Why All Writers Should Train A Dragon

I recently had to deal with an aching shoulder. Apparently this was due to writing in uncomfortable positions.

Spending a lot of time commuting to and from work, I tend to write most of my fiction on trains.

Whilst I don’t usually feel uncomfortable typing on my iPad during my 50 minute commute (Mondays to Fridays) I do suspect that my posture during my writing sprints is probably far from ideal.

Whilst there is unfortunately not a lot I can do to make the seats on the train more comfortable, I can take advantage of new technology developed to help people who may be grappling with writing- related challenges.

One such technology, which I have recently discovered, is Dragon software.

I first came across this revolutionary piece of technology when I was reading blog posts by Prose On Fire blogger Monica Leonelle.

I think it’s fair to say after a multitude of non-fiction and fiction books, written mainly by dictation, Monica has truly found a way to make technology work for her.

Hoping to save my back, neck and shoulders some strain as well as  advance my daily writing targets and word counts, I have decided to try and make the Dragon software work for me, too.

If you also want a piece of this technological advance, you can use Dragon software on a multitude of devices. I am currently testing the free app on my iPad mini.

In Monica’s excellent book Dictate Your Book, Monica provides an excellent introduction to using Dragon software in a way that can benefit any writer.

Monica also makes it abundantly clear, that learning to dictate is just as challenging as learning to type and again provides helpful tips and tricks to get you started.

Having spent nearly a week training myself to use Dragon software, I must say that (whilst I am finding that I am not yet as fast as I would like to be) it is surprisingly easy to use and I am truly amazed at how fast one can go from using one medium to capitalising on the advantages of another.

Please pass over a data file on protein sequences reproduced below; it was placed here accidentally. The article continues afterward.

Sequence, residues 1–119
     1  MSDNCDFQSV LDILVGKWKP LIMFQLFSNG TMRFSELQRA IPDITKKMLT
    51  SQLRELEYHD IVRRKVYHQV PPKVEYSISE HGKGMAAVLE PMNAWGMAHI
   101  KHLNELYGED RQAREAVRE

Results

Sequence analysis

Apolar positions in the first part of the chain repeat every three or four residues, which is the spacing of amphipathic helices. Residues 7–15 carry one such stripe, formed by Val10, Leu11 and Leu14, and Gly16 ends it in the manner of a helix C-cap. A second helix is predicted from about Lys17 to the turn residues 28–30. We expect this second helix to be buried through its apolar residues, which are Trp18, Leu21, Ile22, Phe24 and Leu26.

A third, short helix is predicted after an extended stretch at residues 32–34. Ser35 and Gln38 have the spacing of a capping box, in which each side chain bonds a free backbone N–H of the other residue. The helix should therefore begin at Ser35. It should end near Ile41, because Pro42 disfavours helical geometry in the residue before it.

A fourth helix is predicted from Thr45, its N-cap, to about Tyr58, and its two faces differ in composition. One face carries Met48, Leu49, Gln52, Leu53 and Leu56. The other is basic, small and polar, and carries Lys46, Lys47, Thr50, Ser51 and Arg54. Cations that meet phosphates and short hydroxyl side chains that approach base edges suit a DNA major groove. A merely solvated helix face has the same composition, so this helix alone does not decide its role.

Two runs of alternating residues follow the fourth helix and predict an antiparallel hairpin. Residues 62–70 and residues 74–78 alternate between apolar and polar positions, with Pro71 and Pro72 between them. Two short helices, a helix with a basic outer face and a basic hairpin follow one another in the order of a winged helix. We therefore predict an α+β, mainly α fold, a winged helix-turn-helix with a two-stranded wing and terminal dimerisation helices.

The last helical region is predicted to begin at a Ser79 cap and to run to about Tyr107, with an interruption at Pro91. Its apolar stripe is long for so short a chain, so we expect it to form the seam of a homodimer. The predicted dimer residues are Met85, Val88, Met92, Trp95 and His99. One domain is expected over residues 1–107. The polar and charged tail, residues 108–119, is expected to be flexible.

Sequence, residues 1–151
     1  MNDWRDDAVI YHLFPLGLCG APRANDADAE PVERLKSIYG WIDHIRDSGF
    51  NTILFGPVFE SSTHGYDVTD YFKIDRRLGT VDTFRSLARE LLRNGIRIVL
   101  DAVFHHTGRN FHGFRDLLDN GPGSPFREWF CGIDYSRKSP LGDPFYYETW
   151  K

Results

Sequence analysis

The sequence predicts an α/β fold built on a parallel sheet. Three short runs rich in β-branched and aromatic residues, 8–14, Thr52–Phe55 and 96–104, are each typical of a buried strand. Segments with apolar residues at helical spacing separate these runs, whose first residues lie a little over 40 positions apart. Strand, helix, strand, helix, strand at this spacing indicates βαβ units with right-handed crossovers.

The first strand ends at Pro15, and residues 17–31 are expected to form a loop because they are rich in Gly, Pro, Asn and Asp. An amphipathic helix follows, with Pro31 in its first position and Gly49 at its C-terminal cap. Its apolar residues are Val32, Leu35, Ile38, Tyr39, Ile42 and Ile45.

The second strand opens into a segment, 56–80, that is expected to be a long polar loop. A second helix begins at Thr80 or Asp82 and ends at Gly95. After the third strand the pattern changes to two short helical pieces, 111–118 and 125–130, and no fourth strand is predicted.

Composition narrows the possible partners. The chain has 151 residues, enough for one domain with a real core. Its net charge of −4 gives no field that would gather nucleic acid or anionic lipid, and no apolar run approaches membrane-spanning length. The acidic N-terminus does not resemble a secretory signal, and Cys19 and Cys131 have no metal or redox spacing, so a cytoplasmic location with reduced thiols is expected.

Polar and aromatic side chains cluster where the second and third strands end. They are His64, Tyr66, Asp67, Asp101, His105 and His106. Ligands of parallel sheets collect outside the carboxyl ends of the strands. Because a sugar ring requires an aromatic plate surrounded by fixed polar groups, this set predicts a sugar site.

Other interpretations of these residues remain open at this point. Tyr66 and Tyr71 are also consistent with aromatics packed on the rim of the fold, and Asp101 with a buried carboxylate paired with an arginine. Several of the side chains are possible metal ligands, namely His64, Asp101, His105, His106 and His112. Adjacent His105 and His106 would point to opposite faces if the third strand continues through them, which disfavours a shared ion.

Whilst I am not feeling confident enough to use this device on the train, I do think that I will be able to write faster using dictation in the future and may not need to spend as much time typing hunched over my keyboard or iPad.

Instead, I might like to use my commuting time to read (and edit) first drafts whilst comfortably leaning back in my seat.

If you have also discovered Dragon software or have experienced using any other type of speech to text software, I would like to hear from you.

Please feel free to leave me a comment below this post or to voice your opinion about the pros and cons of using dictation in your writing workflows.

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4 thoughts on “Why All Writers Should Train A Dragon

  1. This actually sounds pretty cool! I, too, suffer from achy joints from time to time from bad posture, especially while at the computer, so I can relate. But there’s just something about typing that makes it so relaxing and therapeudic, I don’t think I’d be able to give it up…

    Liked by 1 person

    1. Thanks for joining the debate! Agreed…I don’t think Dragon can replace. However it can certainly give you a break. I have started to move around whilst dictating…making sure that I don’t sit around all the time. Certainly a good way of offsetting a sedentary lifestyle.

      Liked by 1 person

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